Culled from a treasure trove of home movies, TV interviews, and unpublished letters and diary entries read by opera star Joyce DiDonato, French photographer Tom Volf’s Maria by Callas is a loving, albeit meandering, tribute to Maria Callas, the 20th century’s most famous—and infamous—soprano. In a 1970 interview with David Frost, Callas confesses: “There are two people in me. I would like to be Maria, but there is the Callas I have to live up to.” Volf navigates this sense of duality, attempting to give the last word to a woman who was misunderstood, and often vilified, by the press. In balancing the widespread public perception of Callas as the most volatile of divas with an intimate portrait of a woman struggling to live and work on her own terms in a male-dominated world, Volf seeks to reconcile these two selves.
By eschewing taking-head interviews with fawning friends, family, and critics, Maria by Callas feels less hagiographic than most documentaries of its kind. Which isn’t to say that Volf’s adoration of his subject is ever in doubt. His decision to showcase Callas’s performances of five arias from various points in her career in their entirety speaks to his willingness to allow the soprano’s work to speak for itself. While this footage is more than ample evidence of Callas’s otherworldly talent, it’s when the film homes in on the specifics of her professional difficulties, particularly those that led her to be branded as “tempestuous,” that Volf offers the most insight into Callas’s psyche.
Both Callas’s controversial cancellation of her performance of Norma at the Rome Opera House—after the first act, when she claimed she was too ill to go on—and her very public falling out with the Metropolitan Opera’s Rudolf Bing are explored in great detail. Aided by the contents of Callas’s own personal letters, these sequences help to re-frame her reputation as difficult by exposing the colossal pressures and blatant sexism she faced from both the press and her industry. The consistent disconnect between the public’s understanding of Callas as the ultimate prima donna and her mindset of absolute perfectionism and artistic freedom is astutely attributed to the fact that she was held to much higher standard than the men in her field.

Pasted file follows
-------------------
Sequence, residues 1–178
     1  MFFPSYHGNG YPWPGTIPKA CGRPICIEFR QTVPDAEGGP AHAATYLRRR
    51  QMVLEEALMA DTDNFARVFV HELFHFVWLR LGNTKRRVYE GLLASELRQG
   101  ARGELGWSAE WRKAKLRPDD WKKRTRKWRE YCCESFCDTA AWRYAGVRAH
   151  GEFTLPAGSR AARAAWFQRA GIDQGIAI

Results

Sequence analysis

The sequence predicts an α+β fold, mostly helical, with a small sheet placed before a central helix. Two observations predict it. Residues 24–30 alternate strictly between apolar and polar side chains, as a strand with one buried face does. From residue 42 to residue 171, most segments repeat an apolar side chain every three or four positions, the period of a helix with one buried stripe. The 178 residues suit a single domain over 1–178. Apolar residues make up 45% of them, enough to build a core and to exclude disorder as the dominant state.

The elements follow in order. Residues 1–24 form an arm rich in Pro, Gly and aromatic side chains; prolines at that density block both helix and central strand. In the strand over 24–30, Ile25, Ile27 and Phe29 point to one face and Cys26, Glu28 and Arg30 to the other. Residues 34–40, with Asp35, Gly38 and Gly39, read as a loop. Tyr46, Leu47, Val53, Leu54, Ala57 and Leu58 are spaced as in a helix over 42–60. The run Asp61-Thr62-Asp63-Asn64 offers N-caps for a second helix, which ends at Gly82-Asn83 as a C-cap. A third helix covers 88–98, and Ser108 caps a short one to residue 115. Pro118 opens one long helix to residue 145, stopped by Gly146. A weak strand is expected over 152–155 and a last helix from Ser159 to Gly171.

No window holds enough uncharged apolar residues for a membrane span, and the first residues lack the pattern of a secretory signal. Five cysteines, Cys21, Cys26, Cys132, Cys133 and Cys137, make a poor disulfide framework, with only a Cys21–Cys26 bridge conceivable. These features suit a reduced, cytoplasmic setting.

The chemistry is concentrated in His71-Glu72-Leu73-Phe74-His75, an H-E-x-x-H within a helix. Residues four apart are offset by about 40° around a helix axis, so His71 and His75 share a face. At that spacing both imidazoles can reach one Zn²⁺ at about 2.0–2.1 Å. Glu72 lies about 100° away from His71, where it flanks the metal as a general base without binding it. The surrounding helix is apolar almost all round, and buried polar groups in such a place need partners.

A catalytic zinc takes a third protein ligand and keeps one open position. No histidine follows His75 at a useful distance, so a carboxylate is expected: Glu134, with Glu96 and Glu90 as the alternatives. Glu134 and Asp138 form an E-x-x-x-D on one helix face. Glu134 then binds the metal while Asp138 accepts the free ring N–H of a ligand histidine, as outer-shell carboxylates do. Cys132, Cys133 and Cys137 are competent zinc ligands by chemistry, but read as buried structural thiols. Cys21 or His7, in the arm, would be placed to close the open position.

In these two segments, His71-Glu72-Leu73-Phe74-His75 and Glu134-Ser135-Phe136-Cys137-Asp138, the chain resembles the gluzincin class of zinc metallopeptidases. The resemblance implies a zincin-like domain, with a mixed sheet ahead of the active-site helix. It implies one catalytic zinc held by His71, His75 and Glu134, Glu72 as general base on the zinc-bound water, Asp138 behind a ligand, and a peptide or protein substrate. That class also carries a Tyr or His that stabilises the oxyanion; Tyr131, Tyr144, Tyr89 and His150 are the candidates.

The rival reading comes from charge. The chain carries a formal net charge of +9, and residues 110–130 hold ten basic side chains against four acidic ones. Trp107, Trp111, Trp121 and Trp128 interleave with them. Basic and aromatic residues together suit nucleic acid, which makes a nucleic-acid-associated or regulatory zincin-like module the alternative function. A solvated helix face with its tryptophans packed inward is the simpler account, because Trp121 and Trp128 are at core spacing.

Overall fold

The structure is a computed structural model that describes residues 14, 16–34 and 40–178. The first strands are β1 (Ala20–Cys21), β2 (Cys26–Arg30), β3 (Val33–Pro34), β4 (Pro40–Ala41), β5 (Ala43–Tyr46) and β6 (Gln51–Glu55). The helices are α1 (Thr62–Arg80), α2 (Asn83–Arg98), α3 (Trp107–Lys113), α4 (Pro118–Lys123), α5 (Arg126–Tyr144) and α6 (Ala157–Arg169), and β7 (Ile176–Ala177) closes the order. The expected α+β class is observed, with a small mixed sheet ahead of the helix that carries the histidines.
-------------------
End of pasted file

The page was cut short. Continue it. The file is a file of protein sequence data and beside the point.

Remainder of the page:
Often haphazardly bouncing between snippets of various home movies and paparazzi footage, Volf heavily favors quantity over quality in exploring Callas’s personal life. The filmmaker fills time in an already lengthy documentary with seemingly countless shots of Callas boarding or exiting planes, crowds lavishing her with adoration, or the soprano lounging on boats with her first husband, Giovanni Battista Meneghini, or her longtime partner, Aristotle Onassis. As much as Callas’s own words help to tell her story as Callas the soprano, they often fall short in elucidating Callas the person.
Volf, however, still conveys the lengths to which Callas went to achieve success and the price she paid as a result, both personally and professionally. Without making her a martyr, Maria by Callas sees Callas as an agent of her self-proclaimed “fate”—a woman whose dedication and high standards led to her own downfall. Her death at 53 was not merely a tragedy, but the result, at least in part, of a society unable or unwilling to accept a powerful, immensely talented woman who refused to conform to the whims of those around her.